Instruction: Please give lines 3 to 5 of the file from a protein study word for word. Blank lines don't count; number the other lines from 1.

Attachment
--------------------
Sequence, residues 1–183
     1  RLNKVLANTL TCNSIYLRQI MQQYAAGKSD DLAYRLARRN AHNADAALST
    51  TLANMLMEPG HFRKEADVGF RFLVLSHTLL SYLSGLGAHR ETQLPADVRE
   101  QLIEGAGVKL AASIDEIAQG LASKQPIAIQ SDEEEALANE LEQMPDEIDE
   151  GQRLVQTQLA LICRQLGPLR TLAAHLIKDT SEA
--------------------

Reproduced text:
    51  TLANMLMEPG HFRKEADVGF RFLVLSHTLL SYLSGLGAHR ETQLPADVRE
   101  QLIEGAGVKL AASIDEIAQG LASKQPIAIQ SDEEEALANE LEQMPDEIDE
   151  GQRLVQTQLA LICRQLGPLR TLAAHLIKDT SEA